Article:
Next, create another Pipe to select the data from the Materialized View and finalize the deduplicated results:

Finally, turn this SQL into an API in an instant by clicking the Node Actions and selecting “Create API Endpoint”:

Enjoy the confetti! You’ll have a fully-documented, low-latency API that returns the contents of the original MySQL table in JSON, CSV, NDJSON, or Parquet formats.

Using Tinybird for real-time analytics on CDC events

While creating a consistent view of the original table is often an intermediate goal of change data capture, the ultimate prize is building analytics over your change data streams.

You can do this easily with Tinybird Pipes. For example, you could create an API that returns the total number of changes to the table in the last 15 minutes with the following simple Pipe:

The analytics you build are limited only by your imagination and the vast boundaries of SQL. For more guidance on building real-time APIs over Confluent streams with Tinybird, check out the screencast below.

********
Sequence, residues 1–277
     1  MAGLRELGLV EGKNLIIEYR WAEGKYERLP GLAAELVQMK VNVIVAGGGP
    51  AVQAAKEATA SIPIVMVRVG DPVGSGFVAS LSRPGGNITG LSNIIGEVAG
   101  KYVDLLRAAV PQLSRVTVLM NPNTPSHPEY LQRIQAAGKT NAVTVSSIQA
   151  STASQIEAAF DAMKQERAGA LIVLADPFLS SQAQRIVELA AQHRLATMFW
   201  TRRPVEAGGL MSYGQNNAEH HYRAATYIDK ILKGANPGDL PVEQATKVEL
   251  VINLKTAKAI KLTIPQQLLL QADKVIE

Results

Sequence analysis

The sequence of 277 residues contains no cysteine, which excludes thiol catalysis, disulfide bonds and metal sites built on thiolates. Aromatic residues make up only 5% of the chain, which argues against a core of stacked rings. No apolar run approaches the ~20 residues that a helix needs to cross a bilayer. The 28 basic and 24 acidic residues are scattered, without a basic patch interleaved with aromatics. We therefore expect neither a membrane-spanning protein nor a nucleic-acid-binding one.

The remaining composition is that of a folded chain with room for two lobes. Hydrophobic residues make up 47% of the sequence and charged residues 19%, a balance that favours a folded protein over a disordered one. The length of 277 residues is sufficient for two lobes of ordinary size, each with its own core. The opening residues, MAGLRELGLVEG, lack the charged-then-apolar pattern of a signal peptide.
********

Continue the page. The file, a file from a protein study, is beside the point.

In this guide, you learned how to set up a real-time CDC pipeline from MySQL using Confluent Cloud for change data streaming and Tinybird for scalable real-time analytics over change data streams. You can use a similar workflow for other databases, including MongoDB and Postgres.

If you're interested inTinybird for analyzing change data in real time, you can sign up for free. There's no time limit on the free plan and no credit card required to get started. If you need support along the way, join our active Slack community for answers to your questions about change data capture and real-time analytics.


  1. Change Data Capture (CDC) Overview: A good post for understanding how CDC flows work as a part of real-time, event-driven architectures.
  2. Confluent Cloud Documentation: Detailed information on using and setting up Confluent Cloud, including setting up Kafka clusters and connectors.